The Angular University lists some of the advantages of Single Page Applications (SPA):
1. Best responsiveness – Server-side rendering is hard to implement for all the intermediate states – small view states do not map well to URLs. Single page apps are distinguished by their ability to redraw any part of the UI without requiring a server roundtrip to retrieve HTML. This is achieved by separating the data from the presentation of data by having a model layer that handles data and a view layer that reads from the models.
3. versioning and rollback – Another advantage of deploying our frontend as a single page application is a versioning and rollback. All we have to do is to version our build output (that produces the CSS and JS bundles highlighted in yellow above). We can configure the server that is serving our SPA with a parameter that specifies which version of the frontend application to build. This type of deployment scales very well: static content servers like Nginx can scale for a very large number of users
4. Faster to load – If you have ever used a web application that is constantly reloading everything from the server on almost every user interaction, you will know that that type of application gives a poor user experience due to: the constant full page reloads; also due to the network back and forth trips to the server to fetch all that HTML. On a SPA, after the initial page load, no more HTML gets sent over the network. Instead, only data gets requested from the server (or sent to the server). So while a SPA is running, only data gets sent over the wire, which takes a lot less time and bandwidth than constantly sending HTML. Let’s have a look at the type of payload that goes over the wire typically in a SPA.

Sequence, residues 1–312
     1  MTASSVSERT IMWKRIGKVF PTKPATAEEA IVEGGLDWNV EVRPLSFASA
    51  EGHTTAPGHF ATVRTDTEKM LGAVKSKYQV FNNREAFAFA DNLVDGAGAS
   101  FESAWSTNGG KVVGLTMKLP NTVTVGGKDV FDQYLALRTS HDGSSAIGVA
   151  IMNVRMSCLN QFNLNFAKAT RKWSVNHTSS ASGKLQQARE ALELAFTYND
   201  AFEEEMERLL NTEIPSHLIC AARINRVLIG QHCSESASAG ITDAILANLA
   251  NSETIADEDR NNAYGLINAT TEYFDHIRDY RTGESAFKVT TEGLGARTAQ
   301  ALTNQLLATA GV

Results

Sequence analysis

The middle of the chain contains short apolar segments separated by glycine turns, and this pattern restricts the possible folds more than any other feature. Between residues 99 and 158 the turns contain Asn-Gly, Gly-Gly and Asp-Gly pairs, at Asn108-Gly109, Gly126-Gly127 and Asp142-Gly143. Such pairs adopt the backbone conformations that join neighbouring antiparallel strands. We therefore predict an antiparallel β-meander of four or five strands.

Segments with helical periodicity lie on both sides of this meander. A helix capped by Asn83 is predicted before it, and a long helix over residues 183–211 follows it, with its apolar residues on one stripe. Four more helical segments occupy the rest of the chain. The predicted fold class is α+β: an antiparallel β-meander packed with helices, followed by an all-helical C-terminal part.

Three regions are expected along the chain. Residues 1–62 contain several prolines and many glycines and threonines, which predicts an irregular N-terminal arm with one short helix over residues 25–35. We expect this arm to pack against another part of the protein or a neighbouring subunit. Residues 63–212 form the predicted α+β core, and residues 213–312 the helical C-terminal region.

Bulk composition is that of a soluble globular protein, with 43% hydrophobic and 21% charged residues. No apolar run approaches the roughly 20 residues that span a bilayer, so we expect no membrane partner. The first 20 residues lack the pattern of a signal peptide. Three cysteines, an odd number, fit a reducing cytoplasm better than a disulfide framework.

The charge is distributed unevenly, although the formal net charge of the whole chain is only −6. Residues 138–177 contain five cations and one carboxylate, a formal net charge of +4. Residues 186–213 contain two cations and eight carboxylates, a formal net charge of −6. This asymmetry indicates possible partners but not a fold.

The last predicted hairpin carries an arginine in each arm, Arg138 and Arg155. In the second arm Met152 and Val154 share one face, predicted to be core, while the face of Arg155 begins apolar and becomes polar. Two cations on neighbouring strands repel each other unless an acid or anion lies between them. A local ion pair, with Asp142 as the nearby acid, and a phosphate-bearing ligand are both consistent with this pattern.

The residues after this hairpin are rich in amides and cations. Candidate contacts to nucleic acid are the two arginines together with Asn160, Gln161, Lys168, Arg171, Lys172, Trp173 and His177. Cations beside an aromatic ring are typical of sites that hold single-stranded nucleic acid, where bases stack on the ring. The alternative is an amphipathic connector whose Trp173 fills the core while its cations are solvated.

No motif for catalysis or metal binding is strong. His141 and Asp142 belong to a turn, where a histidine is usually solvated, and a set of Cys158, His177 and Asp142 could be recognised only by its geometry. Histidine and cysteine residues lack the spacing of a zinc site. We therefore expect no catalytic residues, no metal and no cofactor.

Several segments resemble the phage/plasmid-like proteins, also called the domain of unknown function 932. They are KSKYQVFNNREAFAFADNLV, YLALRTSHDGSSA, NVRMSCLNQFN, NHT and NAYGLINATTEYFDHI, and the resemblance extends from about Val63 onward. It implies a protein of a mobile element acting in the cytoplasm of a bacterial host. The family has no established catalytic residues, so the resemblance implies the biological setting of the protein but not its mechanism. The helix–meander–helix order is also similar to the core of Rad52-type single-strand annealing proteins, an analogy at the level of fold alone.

On the other hand, opinion leaders such as Daniel Puplus and Adam Silver insist that Single Page Applications (SPA) have more cons than pros and will therefore not survive. Example claims include the following:
1. History and fastback – In the traditional web model, the browser will typically be able to use a cached version of the page and linked resources. In a naive implementation of a SPA hitting back will do the same thing as clicking a link, resulting in a server request, additional latency, and possibly visual data changes.
2. Scroll Position – Lots of sites get this wrong and it’s annoying. When the user navigates using the browser’s forward or back button the scroll position should be the same as it was last time they were on the page. This sometimes works correctly on Facebook but sometimes doesn’t.
3. Unsaved changes – An application, upon leaving the page, will warn users about losing any unsaved changes. The browser allows us to use the before unload event to do just this. However, the application cannot use this feature because users don’t request real pages. Meaning, the application will need to reimplement this behavior if needed.
5. Memory leaks – Pages are “long lived” increasing the chance of memory leak issues. This can degrade UX and because of battery drain on mobile devices.
UI and memory issues are indeed challenging that any software architect will have to deal with when considering the building of a Single Page Application. But what about Security issues?